Under the financing programs, a local government borrows money through bonds or other means, and then uses it to make loans to homeowners to cover the upfront costs of solar installations or other energy improvements. Each owner repays the loan over 20 years through a special property tax assessment, which stays with the home even if it is sold.
The technique, known as Property Assessed Clean Energy, or PACE, was pioneered by Berkeley, Calif., in 2008, and 22 states have authorized such programs, which are intended to make it easier and cheaper for homeowners to invest in energy efficiency.
So far, only a few thousand people have used them.
But the Energy Department wants to promote the programs — and give an economic boost to companies that install energy systems — through the $150 million in stimulus funds, which are intended to help communities cover setup and administrative costs.
Fannie Mae and Freddie Mac , the government entities that guarantee more than half of the residential mortgages in the United States, have different priorities. They are worried that taxpayers will end up as losers if a homeowner defaults on a mortgage on a home that uses such creative financing. Typically, property taxes must be paid first from any proceeds on a foreclosed home.
In letters sent to mortgage lenders on May 5, Fannie Mae and Freddie Mac stated that energy-efficiency liens could not take priority over a mortgage. “The purpose of this industry letter is to remind seller/servicers that an energy-related lien may not be senior to any mortgage delivered to Freddie Mac,” wrote Patricia J. McClung, a Freddie Mac executive.
However, the agencies did not offer guidance to mortgage lenders on how to handle properties that carry the energy liens. Backers of the programs fear that mortgage lenders, who depend on Fannie and Freddie to buy their home loans, will now start demanding that the entire lien be paid off before issuing a new loan.
That is what happened to Deke DeKay of Healdsburg, Calif., when he sold a house in nearby Geyserville in May. Mr. DeKay, who had purchased the foreclosed home as an investment, put in new insulation and heating and cooling systems, financed by $11,000 from Sonoma County’s program.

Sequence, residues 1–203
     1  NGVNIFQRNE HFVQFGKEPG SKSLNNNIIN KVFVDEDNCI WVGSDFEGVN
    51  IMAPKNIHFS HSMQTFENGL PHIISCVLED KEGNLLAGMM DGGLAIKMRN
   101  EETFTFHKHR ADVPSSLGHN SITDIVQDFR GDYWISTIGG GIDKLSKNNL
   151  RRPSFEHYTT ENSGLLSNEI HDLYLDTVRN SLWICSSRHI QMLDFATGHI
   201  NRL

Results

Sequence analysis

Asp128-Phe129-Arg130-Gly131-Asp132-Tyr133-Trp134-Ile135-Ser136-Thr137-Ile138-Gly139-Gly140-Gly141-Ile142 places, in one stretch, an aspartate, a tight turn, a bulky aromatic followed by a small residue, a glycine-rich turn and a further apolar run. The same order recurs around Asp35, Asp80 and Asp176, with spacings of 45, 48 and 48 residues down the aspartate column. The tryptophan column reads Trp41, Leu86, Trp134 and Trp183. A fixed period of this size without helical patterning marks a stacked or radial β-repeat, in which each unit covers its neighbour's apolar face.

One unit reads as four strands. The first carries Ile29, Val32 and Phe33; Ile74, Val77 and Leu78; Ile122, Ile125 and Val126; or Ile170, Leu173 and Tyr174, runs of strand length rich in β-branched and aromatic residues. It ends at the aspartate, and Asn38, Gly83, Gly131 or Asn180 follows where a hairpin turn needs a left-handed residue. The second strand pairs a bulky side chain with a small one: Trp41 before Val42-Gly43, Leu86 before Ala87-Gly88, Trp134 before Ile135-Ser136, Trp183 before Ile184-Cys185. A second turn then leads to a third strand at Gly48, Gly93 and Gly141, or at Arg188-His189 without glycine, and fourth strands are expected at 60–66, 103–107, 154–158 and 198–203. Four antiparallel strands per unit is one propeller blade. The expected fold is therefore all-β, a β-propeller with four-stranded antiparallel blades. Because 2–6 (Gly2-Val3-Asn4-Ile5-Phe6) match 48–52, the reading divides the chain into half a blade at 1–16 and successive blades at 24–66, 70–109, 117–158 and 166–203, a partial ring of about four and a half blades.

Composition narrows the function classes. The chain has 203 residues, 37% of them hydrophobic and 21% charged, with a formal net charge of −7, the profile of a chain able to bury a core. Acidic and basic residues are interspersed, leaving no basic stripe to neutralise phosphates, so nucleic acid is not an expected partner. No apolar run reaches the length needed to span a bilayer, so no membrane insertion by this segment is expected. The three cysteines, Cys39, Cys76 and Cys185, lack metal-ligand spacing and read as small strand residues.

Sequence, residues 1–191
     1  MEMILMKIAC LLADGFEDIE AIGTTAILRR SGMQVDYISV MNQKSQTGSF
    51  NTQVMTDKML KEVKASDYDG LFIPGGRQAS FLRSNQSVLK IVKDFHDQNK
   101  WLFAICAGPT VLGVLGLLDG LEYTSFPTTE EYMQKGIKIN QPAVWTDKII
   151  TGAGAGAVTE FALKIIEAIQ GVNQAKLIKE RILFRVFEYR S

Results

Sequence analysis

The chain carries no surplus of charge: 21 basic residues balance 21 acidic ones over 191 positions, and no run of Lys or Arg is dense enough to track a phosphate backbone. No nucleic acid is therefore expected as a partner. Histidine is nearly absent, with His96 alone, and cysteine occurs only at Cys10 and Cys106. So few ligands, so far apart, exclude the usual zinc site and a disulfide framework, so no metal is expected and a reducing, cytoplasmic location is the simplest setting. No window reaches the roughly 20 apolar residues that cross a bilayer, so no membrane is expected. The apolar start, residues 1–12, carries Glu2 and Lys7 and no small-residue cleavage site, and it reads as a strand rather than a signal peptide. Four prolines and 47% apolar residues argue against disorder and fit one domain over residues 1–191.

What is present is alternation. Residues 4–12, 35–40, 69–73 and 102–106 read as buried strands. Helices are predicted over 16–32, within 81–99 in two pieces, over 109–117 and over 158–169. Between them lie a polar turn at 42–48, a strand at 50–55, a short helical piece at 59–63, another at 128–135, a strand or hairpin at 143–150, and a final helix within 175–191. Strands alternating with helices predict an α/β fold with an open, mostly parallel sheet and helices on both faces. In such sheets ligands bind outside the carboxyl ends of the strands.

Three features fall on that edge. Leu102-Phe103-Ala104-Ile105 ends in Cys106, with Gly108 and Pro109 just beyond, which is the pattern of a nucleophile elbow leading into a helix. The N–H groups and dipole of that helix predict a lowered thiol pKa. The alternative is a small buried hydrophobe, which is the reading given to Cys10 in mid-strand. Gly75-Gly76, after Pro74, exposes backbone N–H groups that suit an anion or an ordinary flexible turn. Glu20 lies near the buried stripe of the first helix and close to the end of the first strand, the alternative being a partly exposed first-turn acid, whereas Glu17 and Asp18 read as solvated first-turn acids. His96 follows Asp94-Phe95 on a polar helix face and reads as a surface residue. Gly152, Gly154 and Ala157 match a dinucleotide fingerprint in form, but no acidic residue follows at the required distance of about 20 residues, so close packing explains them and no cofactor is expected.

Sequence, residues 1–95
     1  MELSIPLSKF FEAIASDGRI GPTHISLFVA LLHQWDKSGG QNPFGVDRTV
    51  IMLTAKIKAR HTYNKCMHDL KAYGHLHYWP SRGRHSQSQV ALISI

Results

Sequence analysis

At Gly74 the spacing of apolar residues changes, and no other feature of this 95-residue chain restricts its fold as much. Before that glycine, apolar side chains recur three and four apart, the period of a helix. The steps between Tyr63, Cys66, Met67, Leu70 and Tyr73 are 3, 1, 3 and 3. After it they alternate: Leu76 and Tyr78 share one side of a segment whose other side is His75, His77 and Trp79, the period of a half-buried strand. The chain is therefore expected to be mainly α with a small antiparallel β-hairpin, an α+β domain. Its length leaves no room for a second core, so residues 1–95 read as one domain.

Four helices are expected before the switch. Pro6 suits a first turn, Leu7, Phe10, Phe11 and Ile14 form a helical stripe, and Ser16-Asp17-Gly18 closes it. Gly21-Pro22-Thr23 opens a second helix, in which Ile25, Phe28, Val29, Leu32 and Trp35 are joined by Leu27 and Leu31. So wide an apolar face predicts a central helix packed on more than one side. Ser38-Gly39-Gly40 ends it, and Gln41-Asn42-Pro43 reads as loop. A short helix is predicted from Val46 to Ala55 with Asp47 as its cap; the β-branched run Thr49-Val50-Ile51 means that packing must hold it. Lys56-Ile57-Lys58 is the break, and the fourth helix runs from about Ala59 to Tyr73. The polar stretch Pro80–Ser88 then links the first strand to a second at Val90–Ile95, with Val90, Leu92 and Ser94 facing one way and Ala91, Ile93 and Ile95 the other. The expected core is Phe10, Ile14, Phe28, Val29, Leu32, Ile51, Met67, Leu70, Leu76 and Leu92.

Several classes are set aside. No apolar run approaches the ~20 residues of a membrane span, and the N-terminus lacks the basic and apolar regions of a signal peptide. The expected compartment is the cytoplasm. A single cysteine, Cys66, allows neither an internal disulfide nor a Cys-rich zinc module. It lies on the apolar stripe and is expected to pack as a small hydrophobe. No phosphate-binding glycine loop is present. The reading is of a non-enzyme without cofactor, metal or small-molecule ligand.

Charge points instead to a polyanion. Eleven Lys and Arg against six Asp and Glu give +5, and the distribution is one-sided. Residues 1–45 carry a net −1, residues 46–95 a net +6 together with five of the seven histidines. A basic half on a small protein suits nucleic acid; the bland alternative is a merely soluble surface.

“We thought this would be an interesting way of upgrading the home’s energy efficiency without adding to the purchase price,” Mr. DeKay said. “Then right before the close of escrow, the bank discovered this stuff” Fannie Mae and Freddie Mac put out and refused to approve the loan without the assessment being paid off first.
Now Mr. DeKay is worried about his own home, which carries a $25,500 lien for a five-kilowatt solar array installed last year. “If we ever want to refinance the house, it will be impossible for us to do that,” he said.
State and local officials, including Gov. Arnold Schwarzenegger of California and Mayor Michael R. Bloomberg of New York, and some members of Congress have jumped into the fray, pressing the Federal Housing Finance Agency, which oversees Fannie and Freddie, for clarification of its position on the financing programs.
“The letters have had a devastating impact on PACE programs in California, placing at risk hundreds of millions of dollars of federal stimulus funding, hundreds of millions of dollars of state, local and private funding, and impacting California’s efforts to promote green jobs and greenhouse gas emissions reductions,” Ken Alex, a senior assistant attorney general in California, wrote in a June 22 letter to the housing agency.